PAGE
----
Believers must consider the issues of being salt and light in a pagan culture who refuses to claim Christ as Lord.
The Words of Jesus demand our complete response to the Gospel. The temptation is often reducing the call to something easier and more comfortable. We don’t really want to give up the world’s system for all that the Kingdom of God declares to be true.
It’s imperative as disciples that we fully understand that Jesus is Lord, not a political leader–not a nation or a political party. We’ve become citizen’s of something that is superior to a patriotic physical reality. We don’t fit. (Philippians 3:20 and Ephesians 2:19.)
Steps to faithful living as we seperate ourselves from the World’s way of doing things really must be considered:
In order to do this must make the choice:
- To be true. Endure. Continue to pray and witness. Be faithful to Him.
- To be prayerful. At least working on it. I know prayer is supremely powerful, linking my inadequacy with God’s capability.
- To be joyful. Sing often. Thanksgiving all the time. Our tormentors hate joyful hearts. It seems to disturb the darkness that is part of sin and rebellion.
- To be real. Being faithful to Jesus. No lies, no illusions. Every aspect of our lives is to be the truth. We understand that Jesus is alive, and He is Lord.
- To be giving. Time or talent, it’s a stringent test of a believer’s maturity. Money is secondary. We serve Jesus with an open hand.
- To be convinced. We need to become fully convinced of the message of the gospel, and to be sure of His love. Not easy, but always needful.
In the time of ancient Rome, Christians were in the limelight, it seems, but only as martyrs. Believers made a definite decison to die rather than renounce their faith. Often faithfulness was especially hard–one had to count a cost to follow.
It’s good to understand the world never burned a casual Christian at the stake.
The lions in the Coliseum made quick work of the Christian’s faith. Thousands of believers were burned at the stake. But these martyrs succeeded in reaching many by their witness, and a pagan empire was brought to Christ, en masse!
Someone said that “the blood of martyrs is the seed of the Church.”
Perhaps martyrdom will be our path to reach America with the Gospel. The New Testament word for “witness” is martyr. It very well may be that our blood will be the seed for a new generation of believers. It should come as no surprise.
I preached once on the UC Berkeley campus. It’s a challenging place; a condensed stronghold of a godless ‘intellectualism’ (if you can imagine that). There is always a few people that for the most part bright and engaging.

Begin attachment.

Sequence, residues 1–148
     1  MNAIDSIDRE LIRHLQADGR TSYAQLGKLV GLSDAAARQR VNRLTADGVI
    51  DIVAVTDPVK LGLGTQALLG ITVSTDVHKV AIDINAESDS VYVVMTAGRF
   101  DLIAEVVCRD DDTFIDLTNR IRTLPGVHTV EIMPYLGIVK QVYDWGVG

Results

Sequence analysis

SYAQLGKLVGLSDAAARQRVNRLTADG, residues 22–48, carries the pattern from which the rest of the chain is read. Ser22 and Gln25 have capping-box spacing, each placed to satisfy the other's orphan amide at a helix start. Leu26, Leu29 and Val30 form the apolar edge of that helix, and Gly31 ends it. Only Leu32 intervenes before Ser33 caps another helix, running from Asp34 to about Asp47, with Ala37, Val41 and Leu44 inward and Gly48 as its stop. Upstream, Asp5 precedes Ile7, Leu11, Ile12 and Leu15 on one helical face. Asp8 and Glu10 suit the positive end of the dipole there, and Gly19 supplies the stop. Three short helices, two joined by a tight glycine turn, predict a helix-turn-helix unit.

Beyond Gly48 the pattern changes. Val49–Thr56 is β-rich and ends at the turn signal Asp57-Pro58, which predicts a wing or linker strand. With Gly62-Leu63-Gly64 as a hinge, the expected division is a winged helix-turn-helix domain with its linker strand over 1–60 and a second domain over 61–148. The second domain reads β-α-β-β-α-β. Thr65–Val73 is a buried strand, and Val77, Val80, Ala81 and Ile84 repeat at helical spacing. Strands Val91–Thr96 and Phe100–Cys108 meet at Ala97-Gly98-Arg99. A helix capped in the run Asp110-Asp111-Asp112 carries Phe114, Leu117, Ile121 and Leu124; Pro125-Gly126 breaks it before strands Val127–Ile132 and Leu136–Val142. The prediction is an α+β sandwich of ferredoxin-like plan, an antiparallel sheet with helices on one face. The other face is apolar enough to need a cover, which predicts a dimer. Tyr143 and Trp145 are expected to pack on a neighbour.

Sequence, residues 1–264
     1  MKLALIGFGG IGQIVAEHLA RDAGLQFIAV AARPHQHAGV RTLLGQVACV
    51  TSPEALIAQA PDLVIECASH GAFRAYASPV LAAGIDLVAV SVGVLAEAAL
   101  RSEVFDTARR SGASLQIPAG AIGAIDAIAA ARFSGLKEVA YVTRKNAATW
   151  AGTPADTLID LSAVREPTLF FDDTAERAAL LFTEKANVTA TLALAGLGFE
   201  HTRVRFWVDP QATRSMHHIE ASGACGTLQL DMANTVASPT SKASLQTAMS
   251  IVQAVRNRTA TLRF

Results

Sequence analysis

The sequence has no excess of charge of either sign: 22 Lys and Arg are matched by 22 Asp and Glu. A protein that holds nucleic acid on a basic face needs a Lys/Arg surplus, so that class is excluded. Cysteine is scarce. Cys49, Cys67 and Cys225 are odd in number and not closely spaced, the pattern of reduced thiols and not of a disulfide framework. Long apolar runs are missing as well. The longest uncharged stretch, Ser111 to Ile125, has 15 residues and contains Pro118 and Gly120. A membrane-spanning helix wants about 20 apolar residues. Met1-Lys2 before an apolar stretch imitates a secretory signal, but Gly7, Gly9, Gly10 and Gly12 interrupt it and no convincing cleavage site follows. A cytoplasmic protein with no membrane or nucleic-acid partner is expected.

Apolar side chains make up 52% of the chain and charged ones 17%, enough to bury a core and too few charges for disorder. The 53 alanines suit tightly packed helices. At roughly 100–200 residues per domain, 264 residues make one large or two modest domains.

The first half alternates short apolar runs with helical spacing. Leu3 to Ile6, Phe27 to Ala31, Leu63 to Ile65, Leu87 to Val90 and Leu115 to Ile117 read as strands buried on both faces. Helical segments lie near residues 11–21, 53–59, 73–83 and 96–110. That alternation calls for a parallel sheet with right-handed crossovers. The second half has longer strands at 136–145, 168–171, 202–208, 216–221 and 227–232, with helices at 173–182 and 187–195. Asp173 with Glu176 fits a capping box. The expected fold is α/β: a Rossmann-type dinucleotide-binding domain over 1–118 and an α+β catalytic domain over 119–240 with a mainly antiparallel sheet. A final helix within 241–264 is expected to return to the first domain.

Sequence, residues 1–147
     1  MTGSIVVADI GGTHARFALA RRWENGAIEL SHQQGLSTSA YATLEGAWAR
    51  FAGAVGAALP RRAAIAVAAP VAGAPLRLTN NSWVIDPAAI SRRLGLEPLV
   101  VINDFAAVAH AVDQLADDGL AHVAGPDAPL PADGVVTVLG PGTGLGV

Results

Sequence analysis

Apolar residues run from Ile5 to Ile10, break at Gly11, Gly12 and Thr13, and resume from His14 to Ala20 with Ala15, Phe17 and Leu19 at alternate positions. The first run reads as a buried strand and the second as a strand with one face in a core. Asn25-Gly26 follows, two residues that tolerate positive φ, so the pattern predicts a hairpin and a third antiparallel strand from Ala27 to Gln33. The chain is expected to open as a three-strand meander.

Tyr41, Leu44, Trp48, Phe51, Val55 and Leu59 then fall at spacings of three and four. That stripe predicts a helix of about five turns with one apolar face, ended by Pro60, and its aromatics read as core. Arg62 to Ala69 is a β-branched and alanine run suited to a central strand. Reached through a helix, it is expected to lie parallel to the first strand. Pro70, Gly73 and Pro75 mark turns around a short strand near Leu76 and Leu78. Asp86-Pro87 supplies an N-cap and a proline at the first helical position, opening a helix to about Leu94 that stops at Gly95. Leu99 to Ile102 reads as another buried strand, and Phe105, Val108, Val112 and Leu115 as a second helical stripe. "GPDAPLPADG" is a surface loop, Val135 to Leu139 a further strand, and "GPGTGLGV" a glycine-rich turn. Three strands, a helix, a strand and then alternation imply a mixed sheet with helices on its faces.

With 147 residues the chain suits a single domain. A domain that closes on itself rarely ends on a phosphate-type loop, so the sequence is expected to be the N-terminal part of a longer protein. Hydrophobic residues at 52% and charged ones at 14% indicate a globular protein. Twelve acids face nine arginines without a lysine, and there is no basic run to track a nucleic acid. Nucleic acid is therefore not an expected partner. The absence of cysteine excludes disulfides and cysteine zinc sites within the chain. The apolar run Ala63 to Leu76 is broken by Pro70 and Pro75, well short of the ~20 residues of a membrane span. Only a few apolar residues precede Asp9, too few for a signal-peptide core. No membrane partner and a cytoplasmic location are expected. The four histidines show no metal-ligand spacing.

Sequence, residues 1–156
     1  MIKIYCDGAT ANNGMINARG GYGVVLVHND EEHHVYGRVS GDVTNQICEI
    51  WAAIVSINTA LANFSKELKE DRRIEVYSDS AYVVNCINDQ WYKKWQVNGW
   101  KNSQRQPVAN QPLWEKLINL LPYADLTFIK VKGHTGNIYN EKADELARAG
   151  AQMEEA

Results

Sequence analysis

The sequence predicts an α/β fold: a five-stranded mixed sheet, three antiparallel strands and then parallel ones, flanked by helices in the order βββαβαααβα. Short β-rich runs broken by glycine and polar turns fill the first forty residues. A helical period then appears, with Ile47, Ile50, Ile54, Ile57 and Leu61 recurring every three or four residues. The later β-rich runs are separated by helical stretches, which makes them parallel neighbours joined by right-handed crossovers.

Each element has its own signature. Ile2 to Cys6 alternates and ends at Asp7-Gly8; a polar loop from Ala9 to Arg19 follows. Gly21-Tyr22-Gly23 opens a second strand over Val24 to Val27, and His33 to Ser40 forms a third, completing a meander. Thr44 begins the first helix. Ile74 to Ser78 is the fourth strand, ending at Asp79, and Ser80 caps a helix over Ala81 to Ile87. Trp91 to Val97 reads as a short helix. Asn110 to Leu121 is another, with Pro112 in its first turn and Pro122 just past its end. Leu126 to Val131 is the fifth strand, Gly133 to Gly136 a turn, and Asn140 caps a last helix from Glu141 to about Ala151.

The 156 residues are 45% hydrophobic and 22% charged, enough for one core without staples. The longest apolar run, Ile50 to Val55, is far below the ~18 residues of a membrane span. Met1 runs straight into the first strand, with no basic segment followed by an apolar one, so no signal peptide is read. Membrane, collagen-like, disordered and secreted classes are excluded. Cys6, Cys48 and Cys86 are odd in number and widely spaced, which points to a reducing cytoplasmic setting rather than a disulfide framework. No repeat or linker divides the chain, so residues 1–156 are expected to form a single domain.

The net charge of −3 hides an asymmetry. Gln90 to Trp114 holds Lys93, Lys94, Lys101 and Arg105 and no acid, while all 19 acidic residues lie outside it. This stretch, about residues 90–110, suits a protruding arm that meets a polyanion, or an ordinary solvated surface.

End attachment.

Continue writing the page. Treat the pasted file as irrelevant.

But as I got ready to leave, I met a university professor. He looked at me in his tweed jacket and sweater vest and said something I will never forget. “Too bad we can’t feed you to the lions”. That’s all he said. When he spoke to me it was was a flat-calm statement–terse, cold and frightening–it was eerie and quite weird– mostly because I knew he meant it.
In this ‘enlightened’ campus, there was a coldness–a hatred that I never encountered in the areas of inner San Francisco–Polk Street. or the Tenderloin’ where I preached also.
True, the Haight/Ashbury neighborhood in SF can be a little ‘rough’ at times, I once was punched in the face while preaching by an angry ex-believer, but to be honest, nothing compared to ‘Berzerkeley‘ (that’s what we called it.)
In three years of full-time evangelism I never met another man that was as hateful to the gospel of Jesus Christ as this professor in Berkeley. This incident was a brazen and deliberate calculation against the Gospel. Perhaps persecution by hardcore intellectuals will become the catalyst for our martyrdom to come. (?!).
No matter what happens. We are in God’s hands. Period.
Our obedience to Jesus should be a decision we must make right now. We can’t just hope to stand, or hope to be faithful. We must actively plan for persecution. This could very well be our time. It’s coming. And please get ready, you must watch and pray.
“But others trusted God and were beaten to death, preferring to die rather than turn from God and be free—trusting that they would rise to a better life afterwards.”
Post art “The Christian Martyrs’ Last Prayer,” by Jean-Leon Gerome (1824-1904)
- Perpetua et Felicitas, Martyres Pro Christo (bbtheo2013.wordpress.com)
- Blog Assignment #9: The Martyrs (emonagha.wordpress.com)